Biological Diversity of Minnesota Caddisflies
Insecta, Trichoptera
ZooKeys No. 189

By David C. Houghton
August 2012
ISBN: 9789546426345
389 pages, Illustrated
$195.00 Paper original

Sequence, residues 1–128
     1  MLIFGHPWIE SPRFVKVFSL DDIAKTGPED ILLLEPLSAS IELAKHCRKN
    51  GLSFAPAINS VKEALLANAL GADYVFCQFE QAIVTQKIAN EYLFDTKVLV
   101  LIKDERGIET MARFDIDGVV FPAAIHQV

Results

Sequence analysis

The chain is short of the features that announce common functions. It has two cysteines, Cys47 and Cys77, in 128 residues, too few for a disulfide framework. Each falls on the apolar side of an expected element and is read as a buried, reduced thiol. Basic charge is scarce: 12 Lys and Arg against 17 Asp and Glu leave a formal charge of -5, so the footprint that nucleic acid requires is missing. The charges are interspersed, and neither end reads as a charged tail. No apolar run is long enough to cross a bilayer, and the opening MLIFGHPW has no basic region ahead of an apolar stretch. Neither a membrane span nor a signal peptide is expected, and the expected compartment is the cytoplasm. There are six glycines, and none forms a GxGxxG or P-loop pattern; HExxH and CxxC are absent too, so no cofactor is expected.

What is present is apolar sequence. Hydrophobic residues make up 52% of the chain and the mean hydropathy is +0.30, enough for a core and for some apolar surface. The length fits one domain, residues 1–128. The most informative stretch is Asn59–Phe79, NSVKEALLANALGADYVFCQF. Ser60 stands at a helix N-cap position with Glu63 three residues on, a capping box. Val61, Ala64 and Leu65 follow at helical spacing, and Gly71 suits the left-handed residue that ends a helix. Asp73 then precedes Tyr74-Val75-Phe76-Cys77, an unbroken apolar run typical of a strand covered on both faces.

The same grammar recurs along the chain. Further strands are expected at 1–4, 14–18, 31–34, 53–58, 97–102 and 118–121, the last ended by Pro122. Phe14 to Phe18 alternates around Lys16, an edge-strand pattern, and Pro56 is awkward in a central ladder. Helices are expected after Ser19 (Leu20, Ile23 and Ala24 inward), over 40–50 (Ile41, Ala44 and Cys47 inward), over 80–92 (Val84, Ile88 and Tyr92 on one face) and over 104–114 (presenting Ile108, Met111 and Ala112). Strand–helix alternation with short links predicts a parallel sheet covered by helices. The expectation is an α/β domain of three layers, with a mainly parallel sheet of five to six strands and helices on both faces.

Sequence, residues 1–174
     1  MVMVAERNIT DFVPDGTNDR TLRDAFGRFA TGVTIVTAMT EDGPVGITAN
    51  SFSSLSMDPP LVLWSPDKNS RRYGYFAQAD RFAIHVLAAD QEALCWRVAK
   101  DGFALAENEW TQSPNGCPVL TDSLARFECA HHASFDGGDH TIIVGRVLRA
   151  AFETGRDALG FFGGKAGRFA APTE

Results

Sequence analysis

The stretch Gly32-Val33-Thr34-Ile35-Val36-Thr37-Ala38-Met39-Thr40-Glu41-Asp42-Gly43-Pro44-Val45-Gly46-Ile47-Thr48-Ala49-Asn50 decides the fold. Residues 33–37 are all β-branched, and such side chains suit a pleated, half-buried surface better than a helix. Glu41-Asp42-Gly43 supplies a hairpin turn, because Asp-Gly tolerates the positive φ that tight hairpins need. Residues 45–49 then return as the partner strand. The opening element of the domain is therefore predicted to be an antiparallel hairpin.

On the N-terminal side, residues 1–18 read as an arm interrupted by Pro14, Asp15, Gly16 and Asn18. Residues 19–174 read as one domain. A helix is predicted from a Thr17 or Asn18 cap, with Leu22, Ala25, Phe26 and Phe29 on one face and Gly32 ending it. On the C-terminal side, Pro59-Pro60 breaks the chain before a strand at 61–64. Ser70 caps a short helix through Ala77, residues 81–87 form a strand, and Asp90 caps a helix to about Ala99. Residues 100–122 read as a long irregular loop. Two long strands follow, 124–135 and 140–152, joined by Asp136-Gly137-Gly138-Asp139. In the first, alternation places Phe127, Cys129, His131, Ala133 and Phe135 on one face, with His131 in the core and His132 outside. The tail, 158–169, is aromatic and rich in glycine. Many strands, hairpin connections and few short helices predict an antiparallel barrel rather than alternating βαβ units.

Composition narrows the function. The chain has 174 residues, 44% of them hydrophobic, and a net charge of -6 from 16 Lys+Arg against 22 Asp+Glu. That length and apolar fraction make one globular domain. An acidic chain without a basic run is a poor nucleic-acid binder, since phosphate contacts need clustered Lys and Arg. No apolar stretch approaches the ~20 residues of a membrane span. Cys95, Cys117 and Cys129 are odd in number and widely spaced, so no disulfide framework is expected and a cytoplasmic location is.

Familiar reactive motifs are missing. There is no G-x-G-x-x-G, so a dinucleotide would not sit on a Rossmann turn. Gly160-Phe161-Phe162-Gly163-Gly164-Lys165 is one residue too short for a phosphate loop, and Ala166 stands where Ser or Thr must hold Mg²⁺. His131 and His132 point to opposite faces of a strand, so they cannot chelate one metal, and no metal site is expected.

This work contains illustrations, statewide abundances, distributions, adult flight periodicities, and habitat affinities for all of the 277 known Minnesota caddisfly species. These species are based on examination of >300,000 specimens from 2,166 collections of 937 Minnesota aquatic habitats from 1890 to 2007. Four species: Lepidostoma griseum (Lepidostomatidae), Psilotreta indecisa (Odontoceridae), and Phryganea sayi and Ptilostomis angustipennis (Phryganeidae) are added to the known fauna. An additional 31 dubious species records are removed for various reasons. Biological diversity was highest in the Lake Superior and Northern regions of the state, intermediate in the Southeastern, and lowest in the Northwestern and Southern. Many species, especially within the long-lived shredder families Limnephilidae and Phryganeidae, have decreased in distribution and abundance during the past 75 years, particularly those once common within the Northwestern and Southern regions. Many species now appear regionally extirpated, and a few have disappeared from the entire state. This loss of species in the Northwestern and Southern regions, and probably elsewhere, is almost certainly related to the conversion of many habitats to large-scale agriculture during the mid-20th century. With aseline data now in place, any future changes to the Minnesota caddisfly fauna can be evaluated with much greater confidence and precision.

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